The year may be only half over, but already the United States’ economy has added more than 1 million jobs. In May alone, employers added 280,000 jobs to payrolls. And while the unemployment rate did jump to 5.5% from 5.4%, a level considered “normal” by economists, the increase occurred because the improving labor market drew 400,000 unemployed Americans into the labor force. The quality of jobs being created are even improving. It is true that long-term unemployment, underemployment, and wage stagnation remain problematic, but still, the economy is measurably stronger than it was even a year ago. However, according to a labor-market survey conducted by the Conference Board, job growth has begun to slack off and will continue to slow throughout 2015.
In the era of ever-growing interconnectedness and globalization, the health of the U.S. labor market must be monitored at a global scale as well. Economic realities around the world inform the rise and fall of industries, demand, and fads. More specifically, they determine where employers chose to base their headquarters, operate their factories, and sell their goods or services. The availability of a good jobs is one of the most important domestic-policy issues for a country, but over the next several decades, the need for quality jobs will grow into a foreign policy issue for world leaders as well.
The availability of good jobs is such a weighty foreign policy concern that Gallup Chairman and CEO Jim Clifton believes the next global war will be fought over good jobs. It won’t be fought with guns, but he predicts it will entrench corporations in battle. That is a bold assessment to make, and it needs to be unpacked.
First, an important fact: The job shortfall
The so-called “real” global unemployment rate is 50%. According to Gallup’s World Poll, of the 5 million people across the world that are of working age (aged 15 and older), 3 billion want a full-time job. Only 1.3 billion actually have a good job.
Gallup describes having a good job as the “great global dream” and the “the number one social value for everyone.” More specifically, a good job is defined as having a 30-plus-hour workweek with a regular paycheck. A great job is one in which the employee feels the boss cares about his or her development, believes his or her strengths are being used at work every day, and thinks his or her work contributes to something.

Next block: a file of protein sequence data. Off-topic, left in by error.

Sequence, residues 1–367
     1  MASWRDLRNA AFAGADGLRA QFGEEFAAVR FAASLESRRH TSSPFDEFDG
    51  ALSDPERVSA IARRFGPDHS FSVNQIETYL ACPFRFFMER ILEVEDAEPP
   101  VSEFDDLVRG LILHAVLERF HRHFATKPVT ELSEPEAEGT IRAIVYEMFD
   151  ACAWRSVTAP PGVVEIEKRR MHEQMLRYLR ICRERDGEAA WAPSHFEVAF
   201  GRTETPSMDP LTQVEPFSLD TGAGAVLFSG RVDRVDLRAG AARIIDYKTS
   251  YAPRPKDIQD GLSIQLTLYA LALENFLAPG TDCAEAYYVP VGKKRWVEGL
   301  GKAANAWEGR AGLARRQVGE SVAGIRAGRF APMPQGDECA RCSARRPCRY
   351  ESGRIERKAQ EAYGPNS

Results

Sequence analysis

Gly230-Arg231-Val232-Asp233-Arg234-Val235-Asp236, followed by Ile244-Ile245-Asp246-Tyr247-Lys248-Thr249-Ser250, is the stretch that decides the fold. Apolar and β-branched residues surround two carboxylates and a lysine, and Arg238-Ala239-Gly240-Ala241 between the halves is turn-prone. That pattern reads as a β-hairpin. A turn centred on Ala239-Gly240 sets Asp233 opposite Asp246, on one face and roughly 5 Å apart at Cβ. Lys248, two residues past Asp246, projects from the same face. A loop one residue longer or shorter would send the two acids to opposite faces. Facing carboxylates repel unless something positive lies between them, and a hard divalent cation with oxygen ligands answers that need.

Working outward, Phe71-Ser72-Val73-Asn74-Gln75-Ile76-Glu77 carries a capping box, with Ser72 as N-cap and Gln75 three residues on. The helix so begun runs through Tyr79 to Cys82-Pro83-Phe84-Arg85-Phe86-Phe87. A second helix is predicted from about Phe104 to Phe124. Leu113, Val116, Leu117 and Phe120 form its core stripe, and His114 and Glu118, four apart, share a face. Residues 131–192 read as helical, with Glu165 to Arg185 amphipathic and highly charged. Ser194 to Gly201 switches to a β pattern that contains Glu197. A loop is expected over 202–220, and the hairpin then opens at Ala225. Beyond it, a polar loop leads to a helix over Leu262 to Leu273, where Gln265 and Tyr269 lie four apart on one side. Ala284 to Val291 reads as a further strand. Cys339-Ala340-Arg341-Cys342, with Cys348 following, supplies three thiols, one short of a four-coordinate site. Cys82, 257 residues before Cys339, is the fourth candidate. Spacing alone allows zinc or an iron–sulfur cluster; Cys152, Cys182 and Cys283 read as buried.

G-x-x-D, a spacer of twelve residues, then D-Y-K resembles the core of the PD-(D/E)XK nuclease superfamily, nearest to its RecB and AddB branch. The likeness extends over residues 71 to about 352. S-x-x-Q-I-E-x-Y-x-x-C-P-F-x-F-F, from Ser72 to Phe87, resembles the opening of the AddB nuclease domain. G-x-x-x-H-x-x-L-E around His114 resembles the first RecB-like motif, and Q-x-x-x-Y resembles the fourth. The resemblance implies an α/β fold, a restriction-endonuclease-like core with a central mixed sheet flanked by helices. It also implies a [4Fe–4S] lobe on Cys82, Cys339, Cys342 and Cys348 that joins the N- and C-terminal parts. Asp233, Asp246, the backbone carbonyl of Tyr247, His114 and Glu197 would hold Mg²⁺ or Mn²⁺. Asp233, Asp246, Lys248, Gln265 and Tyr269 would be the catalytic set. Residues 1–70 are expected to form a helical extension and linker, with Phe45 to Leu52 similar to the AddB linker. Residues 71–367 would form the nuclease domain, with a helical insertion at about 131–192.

What does this mean exactly?
Responses to Gallup surveys show that a “good job” is now more important “than having a family, more compelling than democracy and freedom, religion, peace and so on,” Clifton told Forbes in a 2011 interview. “Those are all very important but they are now subordinate to the almighty good job.”
Clifton’s analysis shows that as the global gross domestic product grows from 2014’s $77.3 trillion to an estimated $200 trillion over the next 30 years, there will be a proliferation of new equity, sales, profit, and most importantly, new products and customers. Therefore, many new jobs will be created. But the important question is who will get those jobs. “The competition or ‘war’ for good jobs lies exactly there,” he stated. “To be more specific, it is a war for the best customers first. He who wins that war, wins the jobs war. Almost no leader has this figured out.”
This heightened competition will in turn breed national instability. War may seem an aggressive term, but Clifton argued that if societies and countries fail to adapt to this sociological shift, they will become failed states. “If countries fail at creating jobs, their societies will fall apart,” he explained. “Countries, and more specifically cities, will experience suffering, instability, chaos, and eventually revolution.” And, he believes the aftermath of losing the job war will look like the aftermath of war.
His solution is simple; more customers need to be created. But the problem is human society as a whole is “experiencing a decline of free enterprise and slowing of entrepreneurship.”
What can U.S. Leaders do?
Contrary to what American politicians often propose, bringing back manufacturing is a losing proposition.
“America has to create the next generation of customers who cause new human development, such as the Internet, the auto and aeronautical industries, transistors, satellites, Facebook, everything Apple makes, world-class code, etc. And then go ahead and lose the second generation of production and manufacturing to China, India, and soon to Africa and the Middle East. This works. It has for decades. U.S. manufacturers were the first to make firecrackers and raincoats, and then decades ago, that production moved to China. That is still happening…but with flat screens, laptops, and so on. America has to invent and especially enterprise the future within that incoming $140 trillion of new economic energy. America has to create the next new way humans survive and thrive.”
Without significant and sudden economic growth, the United States will not experience significant job growth, according to Clifton.
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